Special interests

Crow refused corporate PAC money during his campaign. He is a sponsor of the For the People Act of 2019, which would end gerrymandering and create automatic voter registration if passed.[17] The For the People Act of 2019 would also prevent Congress members from serving on corporate boards. The bill also seeks to eliminate dark money contributions.[17][18]

References

  1. ^ Colorado Bar Registration
  2. ^ "Candidate Conversation - Jason Crow (D) | News & Analysis". Inside Elections. Retrieved November 25, 2018.
  3. ^ "Jason Crow bio: Get to know the Democrat running in Colorado's 6th Congressional District". Coloradosun.com. Retrieved November 8, 2018.
  4. ^ Your Name * (August 31, 2015). "University of Denver MagazineDU Law alum continues quest for learning | University of Denver Magazine". Magazine.du.edu. Retrieved November 8, 2018.
  5. ^ Scott, Ramsey (July 12, 2017). "Democrat Jason Crow set to move into 6th Congressional District to boost challenge to Coffman". Sentinel Colorado. Retrieved December 23, 2018.
  6. ^ "Denver attorney Jason Crow to challenge Mike Coffman in 2018". The Denver Post. April 11, 2017. Retrieved December 23, 2018.
  7. ^ "Democrat Jason Crow to challenge Coffman in Colorado's 6th". Washington Post. Retrieved December 23, 2018.
  8. ^ "A secret recording, a Bronze Star and "The Royal Tenenbaums" — the Democratic race to unseat Mike Coffman is flush with personality, politics". The Denver Post. May 23, 2018. Retrieved December 23, 2018.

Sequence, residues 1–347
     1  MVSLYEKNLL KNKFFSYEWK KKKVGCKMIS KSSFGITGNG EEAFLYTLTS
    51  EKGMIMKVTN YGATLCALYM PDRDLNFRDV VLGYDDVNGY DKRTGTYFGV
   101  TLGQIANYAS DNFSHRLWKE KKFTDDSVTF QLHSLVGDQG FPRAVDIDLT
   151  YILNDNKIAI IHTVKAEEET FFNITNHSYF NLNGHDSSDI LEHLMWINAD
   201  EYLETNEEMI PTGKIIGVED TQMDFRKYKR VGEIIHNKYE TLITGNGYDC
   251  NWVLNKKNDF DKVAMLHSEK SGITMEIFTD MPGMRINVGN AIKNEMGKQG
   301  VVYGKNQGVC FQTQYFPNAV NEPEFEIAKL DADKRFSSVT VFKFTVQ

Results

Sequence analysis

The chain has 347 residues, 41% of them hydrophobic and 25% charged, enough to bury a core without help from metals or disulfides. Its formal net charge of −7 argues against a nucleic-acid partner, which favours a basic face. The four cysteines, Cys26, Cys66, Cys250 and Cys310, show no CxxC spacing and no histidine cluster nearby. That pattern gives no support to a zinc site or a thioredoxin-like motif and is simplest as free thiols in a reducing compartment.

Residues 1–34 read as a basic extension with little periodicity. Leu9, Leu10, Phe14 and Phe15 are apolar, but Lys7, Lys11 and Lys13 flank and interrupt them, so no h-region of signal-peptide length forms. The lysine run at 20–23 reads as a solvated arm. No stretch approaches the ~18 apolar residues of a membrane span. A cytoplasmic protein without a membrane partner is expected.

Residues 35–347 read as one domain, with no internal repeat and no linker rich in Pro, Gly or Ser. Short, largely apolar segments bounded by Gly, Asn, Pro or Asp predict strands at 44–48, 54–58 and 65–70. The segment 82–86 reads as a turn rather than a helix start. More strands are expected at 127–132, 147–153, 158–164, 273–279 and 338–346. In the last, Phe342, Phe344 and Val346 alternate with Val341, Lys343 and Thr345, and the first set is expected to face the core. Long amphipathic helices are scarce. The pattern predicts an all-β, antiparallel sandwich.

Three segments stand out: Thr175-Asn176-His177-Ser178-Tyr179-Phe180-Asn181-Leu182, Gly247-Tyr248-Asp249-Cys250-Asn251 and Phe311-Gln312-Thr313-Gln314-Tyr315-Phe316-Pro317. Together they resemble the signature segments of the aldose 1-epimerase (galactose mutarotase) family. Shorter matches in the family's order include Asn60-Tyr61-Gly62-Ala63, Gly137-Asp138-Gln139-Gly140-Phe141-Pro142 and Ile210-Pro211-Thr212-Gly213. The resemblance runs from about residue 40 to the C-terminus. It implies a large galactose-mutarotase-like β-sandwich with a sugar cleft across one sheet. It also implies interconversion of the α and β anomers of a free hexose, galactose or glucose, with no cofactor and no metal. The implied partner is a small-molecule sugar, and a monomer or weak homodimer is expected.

9. ^ "Democrat Jason Crow defeats 5-term Republican U.S. Rep. Mike Coffman | FOX31 Denver". Kdvr.com. Associated Press. November 6, 2018. Retrieved November 8, 2018.
  10. ^ contact@scytl.com, scytl. "Election Night Reporting". results.enr.clarityelections.com. Retrieved December 23, 2018.
  11. ^ "Colorado Election Results: Sixth House District". The New York Times. ISSN 0362-4331. Retrieved December 23, 2018.
  12. ^ "2018 Colorado Democratic primary election results". Retrieved June 21, 2019.
  13. ^ Cite error: The named reference General Election was invoked but never defined (see the help page).
  14. ^ Nielsen, Ella. "Democratic House candidate Jason Crow thinks he can run on gun control - and win"Vox April 17, 2018. Retrieved March 3, 2019.
  15. ^ "Rep. Jason Crow Votes to Pass Universal Background Checks" (Press release). Washington D.C. February 27, 2019. Retrieved March 2, 2019.
  16. ^ "Rep. Jason Crow Votes to Pass Universal Background Checks" (Press release). Washington D.C. February 27, 2019. Retrieved March 2, 2019.
  17. ^ a b "Rep. Jason Crow Sponsors Bill To End Gerrymandering, 'Dark Money'". CBS Denver. January 9, 2019. Retrieved March 10, 2019.
  18. ^ https://www.politico.com/story/2019/03/08/house-passes-sweeping-election-reform-bill-1212693

External links

U.S. House of Representatives
Preceded by
Mike Coffman
Member of the U.S. House of Representatives
from Colorado's 6th congressional district

2019–present
Incumbent
U.S. order of precedence (ceremonial)
Preceded by
Dan Crenshaw
United States Representatives by seniority
360th
Succeeded by
Joe Cunningham
This page was last edited on 22 August 2019, at 01:39